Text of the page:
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Knowledge Base > Products > Image for Linux > Problem Solving > Modifying Linux Boot Files Using /dev/disk/by-id When Restoring To a Different System or Physical Drive

Modifying Linux Boot Files Using /dev/disk/by-id When Restoring To a Different System or Physical Drive

Some Linux distributions (most notably OpenSUSE) will set up the fstab (/etc/fstab) and menu.lst (/boot/grub/menu.lst) files using the /dev/disk/by-id method of identifying partitions. While this normally will work OK, problems can be encountered when an image of the Linux installation is created and then restored to a different drive or system. The restored image will fail to boot, typically with an error message related to /dev/disk/by-id.

To overcome this situation, all lines referencing partitions using the "by-id" method in fstab and menu.lst should be changed so that they are using the UUID method of identifying each partition. The UUID of a partition (for both regular and swap partitions) is created when the partition is formatted, and will always remain valid, regardless of what system or drive the partition is located on.

 

An example of changing an fstab file to use UUIDs:

The lines below are from an fstab file originally set up using /dev/disk/by-id. The first line is for the swap partition, and the second line for the root partition:

/dev/disk/by-id/scsi-3600605b000db099011b1713421c457ad-part1 swap swap  defaults           0 0
/dev/disk/by-id/scsi-3600605b000db099011b1713421c457ad-part2 /    ext3      acl,user_xattr  1 1

To convert these lines to use UUIDs, the UUIDs of both partitions must be determined. The command 'blkid' can be used for this purpose. This command will list all UUIDs for all partitions on a system. The 'blkid' command is included with the e2fsprogs set of utilities, and will be available on all distributions. The 'blkid' command is also available on the IFL boot disk.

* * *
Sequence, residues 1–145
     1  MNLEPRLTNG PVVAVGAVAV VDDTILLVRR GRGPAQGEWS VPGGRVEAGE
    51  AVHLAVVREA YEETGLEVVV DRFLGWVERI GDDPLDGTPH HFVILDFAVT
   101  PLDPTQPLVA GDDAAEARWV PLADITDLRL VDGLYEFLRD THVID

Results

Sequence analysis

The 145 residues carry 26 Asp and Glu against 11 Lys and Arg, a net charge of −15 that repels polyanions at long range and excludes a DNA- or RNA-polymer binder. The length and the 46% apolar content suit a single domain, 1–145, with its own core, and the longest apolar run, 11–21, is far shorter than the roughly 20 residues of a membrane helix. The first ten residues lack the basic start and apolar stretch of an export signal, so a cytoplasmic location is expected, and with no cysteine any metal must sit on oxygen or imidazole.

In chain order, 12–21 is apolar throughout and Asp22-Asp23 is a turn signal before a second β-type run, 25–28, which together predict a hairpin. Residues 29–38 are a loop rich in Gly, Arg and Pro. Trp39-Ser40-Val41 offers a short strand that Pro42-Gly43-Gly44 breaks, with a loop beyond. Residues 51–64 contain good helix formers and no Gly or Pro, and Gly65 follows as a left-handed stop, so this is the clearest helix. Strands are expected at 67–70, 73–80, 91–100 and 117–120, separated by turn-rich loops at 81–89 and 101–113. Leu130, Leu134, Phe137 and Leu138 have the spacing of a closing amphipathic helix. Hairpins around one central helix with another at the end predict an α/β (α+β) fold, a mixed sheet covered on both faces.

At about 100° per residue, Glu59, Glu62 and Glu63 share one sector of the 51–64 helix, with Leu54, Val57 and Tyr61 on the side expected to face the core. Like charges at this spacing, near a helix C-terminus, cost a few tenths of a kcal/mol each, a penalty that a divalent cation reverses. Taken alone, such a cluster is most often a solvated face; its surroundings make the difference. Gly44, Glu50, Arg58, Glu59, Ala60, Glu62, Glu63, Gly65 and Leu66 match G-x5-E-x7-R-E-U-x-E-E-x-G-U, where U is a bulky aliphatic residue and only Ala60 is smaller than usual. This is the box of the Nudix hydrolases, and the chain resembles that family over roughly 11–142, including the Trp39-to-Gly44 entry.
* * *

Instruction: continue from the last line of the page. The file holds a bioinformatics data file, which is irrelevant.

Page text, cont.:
Once the actual UUIDs are determined for the partitions, the 2 lines above can be changed as shown below:

UUID=b8484bab-ea06-48a9-96ce-ef9b5a7def34   swap    swap      defaults                0 0
UUID=b13e754d-80d8-431d-a24e-54445693efcb  /          ext3       acl,user_xattr        1 1

 

An example of changing a menu.lst file (stanza) to use UUIDs:

Similar changes are required for the menu.lst file. A typical menu.lst file will contain one or more boot stanzas. Each stanza will have to be reviewed for instances of using /dev/disk/by-id, and each instance of "by-id" will need to be changed to use UUIDs instead.

An example of a menu.lst boot stanza using the "by-id"  method is shown below:

title openSUSE 11.1 - 2.6.27.21-0.1
    root (hd0,1)
    kernel /boot/vmlinuz-2.6.27.21-0.1-default
    root=/dev/disk/by-id/scsi-3600605b000db099011b1713421c457ad-part2
    resume=/dev/disk/by-id/scsi-3600605b000db099011b1713421c457ad-part1 splash=silent
    showopts vga=0x31a
    initrd /boot/initrd-2.6.27.21-0.1-default

Note that the "kernel" line above is actually wrapped 3 times to fit on the screen, so the 3 lines following it are all actually part of the kernel line. The stanza above converted to use UUIDs will look as shown below:

title openSUSE 11.1 - 2.6.27.21-0.1
    uuid   b13e754d-80d8-431d-a24e-54445693efcb
    kernel /boot/vmlinuz-2.6.27.21-0.1-default
    root=UUID=b13e754d-80d8-431d-a24e-54445693efcb
    resume=UUID=b8484bab-ea06-48a9-96ce-ef9b5a7def34 splash=silent
    showopts vga=0x31a
    initrd /boot/initrd-2.6.27.21-0.1-default

The "resume=" value is referring to the swap partition, so the UUID for the swap partition must be used for that value. Note that in addition to changing the "by-id" references to UUIDs, the root (hd0,1) line was also changed to uuid <UUID>. This allows Grub to find the Grub root partition based on its UUID, regardless of what it's actual drive/partition location is.

When editing the fstab and menu.lst files, it is suggested that you make backup copies of the original files before making any changes.



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